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Engineering tumor-targeted poly(amidoamine) (PAMAM) dendrimers for improved penetration and cellular delivery of short-interfering RNA (siRNA) through solid tumors

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TitleInfo
Title
Engineering tumor-targeted poly(amidoamine) (PAMAM) dendrimers for improved penetration and cellular delivery of short-interfering RNA (siRNA) through solid tumors
Name (type = personal)
NamePart (type = family)
Waite
NamePart (type = given)
Carolyn Leigh
NamePart (type = date)
1983-
DisplayForm
Carolyn Waite
Role
RoleTerm (authority = RULIB)
author
Name (type = personal)
NamePart (type = family)
Roth
NamePart (type = given)
Charles M
DisplayForm
Charles M Roth
Affiliation
Advisory Committee
Role
RoleTerm (authority = RULIB)
chair
Name (type = personal)
NamePart (type = family)
Uhrich
NamePart (type = given)
Kathryn E
DisplayForm
Kathryn E Uhrich
Affiliation
Advisory Committee
Role
RoleTerm (authority = RULIB)
internal member
Name (type = personal)
NamePart (type = family)
Moghe
NamePart (type = given)
Prabhas V
DisplayForm
Prabhas V Moghe
Affiliation
Advisory Committee
Role
RoleTerm (authority = RULIB)
internal member
Name (type = personal)
NamePart (type = family)
Shreiber
NamePart (type = given)
David I
DisplayForm
David I Shreiber
Affiliation
Advisory Committee
Role
RoleTerm (authority = RULIB)
internal member
Name (type = personal)
NamePart (type = family)
Minko
NamePart (type = given)
Tamara
DisplayForm
Tamara Minko
Affiliation
Advisory Committee
Role
RoleTerm (authority = RULIB)
outside member
Name (type = corporate)
NamePart
Rutgers University
Role
RoleTerm (authority = RULIB)
degree grantor
Name (type = corporate)
NamePart
Graduate School - New Brunswick
Role
RoleTerm (authority = RULIB)
school
TypeOfResource
Text
Genre (authority = marcgt)
theses
OriginInfo
DateCreated (qualifier = exact)
2011
DateOther (qualifier = exact); (type = degree)
2011-10
Place
PlaceTerm (type = code)
xx
Language
LanguageTerm (authority = ISO639-2b); (type = code)
eng
Abstract (type = abstract)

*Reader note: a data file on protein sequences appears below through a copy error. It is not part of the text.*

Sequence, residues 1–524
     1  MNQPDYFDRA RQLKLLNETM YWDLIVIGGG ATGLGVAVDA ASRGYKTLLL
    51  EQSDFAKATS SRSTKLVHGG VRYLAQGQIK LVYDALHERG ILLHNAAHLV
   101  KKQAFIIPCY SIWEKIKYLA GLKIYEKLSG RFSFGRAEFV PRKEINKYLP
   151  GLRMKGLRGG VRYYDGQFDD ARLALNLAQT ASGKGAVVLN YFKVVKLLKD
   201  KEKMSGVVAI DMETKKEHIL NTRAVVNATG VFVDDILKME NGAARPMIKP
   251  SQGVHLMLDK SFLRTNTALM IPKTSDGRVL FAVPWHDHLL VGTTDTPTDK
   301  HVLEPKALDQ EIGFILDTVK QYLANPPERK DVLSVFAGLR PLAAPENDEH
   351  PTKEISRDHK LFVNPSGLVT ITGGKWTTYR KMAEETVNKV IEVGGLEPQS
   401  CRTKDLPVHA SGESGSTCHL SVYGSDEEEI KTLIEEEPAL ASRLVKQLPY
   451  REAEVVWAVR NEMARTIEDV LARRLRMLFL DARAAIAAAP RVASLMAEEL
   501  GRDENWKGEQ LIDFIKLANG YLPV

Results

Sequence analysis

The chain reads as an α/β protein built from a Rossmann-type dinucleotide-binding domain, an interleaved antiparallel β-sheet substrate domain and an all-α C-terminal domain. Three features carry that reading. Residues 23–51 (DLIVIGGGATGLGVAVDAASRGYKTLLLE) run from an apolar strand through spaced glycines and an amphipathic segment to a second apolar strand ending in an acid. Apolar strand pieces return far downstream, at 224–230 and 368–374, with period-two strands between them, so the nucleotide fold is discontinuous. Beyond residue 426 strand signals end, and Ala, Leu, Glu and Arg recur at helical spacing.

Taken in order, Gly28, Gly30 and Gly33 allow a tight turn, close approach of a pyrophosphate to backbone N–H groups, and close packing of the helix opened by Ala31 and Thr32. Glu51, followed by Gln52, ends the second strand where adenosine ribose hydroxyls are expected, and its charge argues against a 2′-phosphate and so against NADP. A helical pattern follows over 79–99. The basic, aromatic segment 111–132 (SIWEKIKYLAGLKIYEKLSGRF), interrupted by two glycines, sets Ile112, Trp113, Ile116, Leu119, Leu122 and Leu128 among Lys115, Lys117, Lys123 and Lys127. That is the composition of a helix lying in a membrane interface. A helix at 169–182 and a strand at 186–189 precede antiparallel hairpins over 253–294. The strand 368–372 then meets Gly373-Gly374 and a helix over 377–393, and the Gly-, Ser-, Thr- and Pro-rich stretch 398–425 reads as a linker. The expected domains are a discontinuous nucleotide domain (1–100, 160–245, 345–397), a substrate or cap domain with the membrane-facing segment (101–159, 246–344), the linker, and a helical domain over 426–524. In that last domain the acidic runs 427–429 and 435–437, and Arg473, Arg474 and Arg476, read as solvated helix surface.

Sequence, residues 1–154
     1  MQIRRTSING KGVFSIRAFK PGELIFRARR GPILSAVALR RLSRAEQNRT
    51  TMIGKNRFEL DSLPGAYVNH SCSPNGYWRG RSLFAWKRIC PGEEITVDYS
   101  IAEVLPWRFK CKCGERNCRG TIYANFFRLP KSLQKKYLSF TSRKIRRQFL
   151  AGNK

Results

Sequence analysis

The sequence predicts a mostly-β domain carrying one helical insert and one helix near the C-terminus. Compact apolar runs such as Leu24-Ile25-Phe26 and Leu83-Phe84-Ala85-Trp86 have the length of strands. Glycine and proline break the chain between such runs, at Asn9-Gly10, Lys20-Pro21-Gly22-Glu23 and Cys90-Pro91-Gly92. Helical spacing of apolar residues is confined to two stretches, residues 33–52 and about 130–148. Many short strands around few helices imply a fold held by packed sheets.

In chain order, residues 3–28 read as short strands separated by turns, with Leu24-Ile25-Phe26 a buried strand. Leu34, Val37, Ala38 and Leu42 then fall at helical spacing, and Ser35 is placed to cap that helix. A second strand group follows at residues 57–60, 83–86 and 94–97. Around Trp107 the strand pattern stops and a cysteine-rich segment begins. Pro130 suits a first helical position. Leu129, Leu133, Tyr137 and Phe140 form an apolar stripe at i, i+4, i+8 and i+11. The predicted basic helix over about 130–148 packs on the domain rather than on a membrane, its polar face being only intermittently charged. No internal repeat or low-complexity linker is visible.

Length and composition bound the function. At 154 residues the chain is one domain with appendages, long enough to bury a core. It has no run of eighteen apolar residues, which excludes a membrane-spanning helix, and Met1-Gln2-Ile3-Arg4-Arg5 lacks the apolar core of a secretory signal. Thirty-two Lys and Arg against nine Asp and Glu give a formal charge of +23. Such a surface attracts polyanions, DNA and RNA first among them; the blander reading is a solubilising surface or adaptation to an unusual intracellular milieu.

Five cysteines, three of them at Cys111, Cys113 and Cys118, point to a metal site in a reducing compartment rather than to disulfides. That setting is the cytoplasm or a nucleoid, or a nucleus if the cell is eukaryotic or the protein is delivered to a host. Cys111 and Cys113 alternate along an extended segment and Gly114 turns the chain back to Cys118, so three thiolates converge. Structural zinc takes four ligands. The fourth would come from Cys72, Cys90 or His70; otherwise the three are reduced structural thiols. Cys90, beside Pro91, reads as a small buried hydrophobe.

Cancer remains the second leading cause of death in the United States, despite significant advances in anticancer research. The standard-of-care for the treatment of cancer includes surgery in conjunction with traditional chemotherapy drugs or radiation therapy. However, the inherent cytotoxicity of conventional chemotherapeutics often causes adverse side effects in patients. Nanoscale materials have found utility for drug delivery to tumors as they accumulate in the tumor vasculature , reducing the necessary drug dose to patients. They have also proven useful to deliver unconventional drugs, including short-interfering RNA (siRNA), which is being explored to silence oncogenes. However, the current lack of safe, efficient siRNA delivery systems limits its widespread clinical use. The objective of this dissertation was to study the ability of poly(amidoamine) (PAMAM) dendrimers to facilitate the delivery of siRNA to malignant glioma on the cellular and tumor tissue levels. The intracellular delivery aspects of PAMAM-mediated siRNA delivery to malignant glioma cells were explored by employing partial surface amine acetylation of PAMAM dendrimers to reduce their net positive charge This work demonstrated the importance of endosomal buffering and the advantages of charge reduction on siRNA delivery. The ability of PAMAM dendrimers to mediate tumor-targeted siRNA delivery to tumor tissue was also studied. Dendrimers were modified to display various numbers of RGD peptides, and the number of peptides present influenced the distribution of siRNA cargo throughout a three-dimensional tumor model of malignant glioma. A biophysical analysis was performed to elucidate the transport mechanisms governing the tumoral penetration of these bioconjugates, and cellular binding affinity was found to influence significantly the transport of the bioconjugate materials through solid tumors. The results from this dissertation provide insights into the mechanisms governing siRNA delivery to cancer on both the cellular and tumor tissue levels. Design guidelines for tumor-targeted nanoscale siRNA delivery vectors were derived, and a methodology was developed to understand the mechanisms governing the penetration and transport of siRNA drugs throughout solid tumors. This work will help other researchers to design more effective drug delivery systems for anticancer applications, and it may impact the effect of siRNA and nanoscale materials on human disease.